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Until earlier this month, a form of intellectual property that is often most valuable to owners — trade secrets — lived largely under state law. While its more famous IP cousins — patents, trademarks and copyrights — have been protected by federal law in various forms throughout our nation’s history (or around 70 years in the case of trademarks), trade secrets have not been given the same federal protection. That changed on May 11, 2016, when the Defend Trade Secrets Act (“DTSA”) became federal law as part of an amendment to the Economic Espionage Act of 1996. That law did not come without skepticism or opposition. But as one group of law professors noted in their letter of opposition to the DTSA in late 2015, the DTSA is “the most significant expansion of federal law in intellectual property since the Lanham Act in 1946 [protecting trademarks].” Legal scholars, pundits and others can engage in a lively debate about the need — or lack thereof — for the DTSA. But what most people will care about is how this “most significant expansion” impacts them.

While the DTSA is similar in many respects to the uniform trade secrets law that all but a few states enacted decades ago, there are a few differences in those laws, as explained below and in future posts. As I explained in a previous blog post, state trade secret laws do not provide an exhaustive list of what constitutes a trade secret. The same is true for the DTSA, which includes a definition that is substantially similar to the definition of “trade secret” found that uniform law. The DTSA provision governing damages recoverable for misappropriation of the trade secret also contains the same types of remedies. So if the scope and basic remedies are the same as existing state law, what is different? Put another way, are the critics right when opining that the DTSA was not needed? That debate, while interesting to some, is largely irrelevant to trade secret owners; it is akin to debating whether Obamacare was a good idea instead of figuring out how it impacts you.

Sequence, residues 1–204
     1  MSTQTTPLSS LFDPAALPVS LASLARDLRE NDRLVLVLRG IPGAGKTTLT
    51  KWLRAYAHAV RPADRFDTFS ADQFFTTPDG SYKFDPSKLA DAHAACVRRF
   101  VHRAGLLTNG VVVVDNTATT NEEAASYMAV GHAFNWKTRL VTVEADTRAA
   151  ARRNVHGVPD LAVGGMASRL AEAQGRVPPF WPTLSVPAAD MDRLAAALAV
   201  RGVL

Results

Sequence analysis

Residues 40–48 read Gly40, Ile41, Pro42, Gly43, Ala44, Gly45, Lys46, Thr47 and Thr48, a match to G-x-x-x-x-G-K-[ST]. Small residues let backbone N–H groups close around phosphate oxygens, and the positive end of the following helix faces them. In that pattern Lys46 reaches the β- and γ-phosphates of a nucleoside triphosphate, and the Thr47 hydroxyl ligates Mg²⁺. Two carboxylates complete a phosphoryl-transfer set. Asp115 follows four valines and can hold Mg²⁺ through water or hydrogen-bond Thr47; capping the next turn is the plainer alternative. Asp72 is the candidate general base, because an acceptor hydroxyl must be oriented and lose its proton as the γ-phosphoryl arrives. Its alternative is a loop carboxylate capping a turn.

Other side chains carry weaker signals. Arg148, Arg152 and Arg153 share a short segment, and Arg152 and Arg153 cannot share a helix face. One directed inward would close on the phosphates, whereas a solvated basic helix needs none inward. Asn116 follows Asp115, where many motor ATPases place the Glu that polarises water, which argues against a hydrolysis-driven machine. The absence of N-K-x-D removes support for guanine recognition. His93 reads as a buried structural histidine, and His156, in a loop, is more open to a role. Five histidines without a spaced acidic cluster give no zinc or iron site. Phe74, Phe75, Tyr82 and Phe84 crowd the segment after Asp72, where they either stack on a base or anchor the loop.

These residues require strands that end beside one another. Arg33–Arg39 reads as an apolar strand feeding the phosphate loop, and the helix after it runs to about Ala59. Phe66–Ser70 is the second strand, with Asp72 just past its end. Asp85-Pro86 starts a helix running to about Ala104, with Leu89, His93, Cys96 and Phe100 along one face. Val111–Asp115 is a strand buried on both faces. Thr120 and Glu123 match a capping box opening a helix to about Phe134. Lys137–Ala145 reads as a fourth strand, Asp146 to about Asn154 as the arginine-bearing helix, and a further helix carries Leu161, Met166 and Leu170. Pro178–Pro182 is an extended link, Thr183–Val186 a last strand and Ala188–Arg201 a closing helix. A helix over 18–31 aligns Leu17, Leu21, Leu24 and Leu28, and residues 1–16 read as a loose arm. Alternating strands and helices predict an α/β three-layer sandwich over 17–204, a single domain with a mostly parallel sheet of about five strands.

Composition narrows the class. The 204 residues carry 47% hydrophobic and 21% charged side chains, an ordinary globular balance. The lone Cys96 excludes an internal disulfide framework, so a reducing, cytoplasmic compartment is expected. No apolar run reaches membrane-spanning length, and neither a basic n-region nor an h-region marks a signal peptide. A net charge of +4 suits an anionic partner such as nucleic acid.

What business leaders likely want to know is why the DTSA matters to them. Here are a few thoughts. First, if only for optics, this law places trade secrets on somewhat equal footing as other forms of intellectual property. This may have the effect of helping companies see the importance of identifying and protecting trade secrets, as I wrote about previously. Perhaps that is wishful thinking given that state laws has afforded protection for decades, but one can hope. Second, the DTSA provides a ticket to the federal courthouse that may not have been there previously for victims of trade secret theft. For companies that operate in state court jurisdictions that may be less hospitable to corporate interests, a ticket to federal court is important. Third, the DTSA gives a remedy unavailable under the uniform law enacted by most states: civil seizure. That option is appealing, risky and a bit complicated, which I’ll explain in a future blog post.

As for the downside for employers, the DTSA imposes a new requirement that employers notify employees — which includes “contractors and consultants” — of their rights and protections as whistleblowers. Failure to provide that notice could result in limiting the trade secret owner’s remedies should it need to pursue litigation to protect those secrets. But more about that requirement — which is both broad and vague in its wording — in an upcoming post.

In sum, the DTSA is an important expansion of intellectual property law, and the additions of (1) a federal court option; (2) civil seizure; and (3) the notice-to-employees obligation are worthy of notice. Did the federal government need to pass a law to provide federal protections of trade secrets? Post your comments below.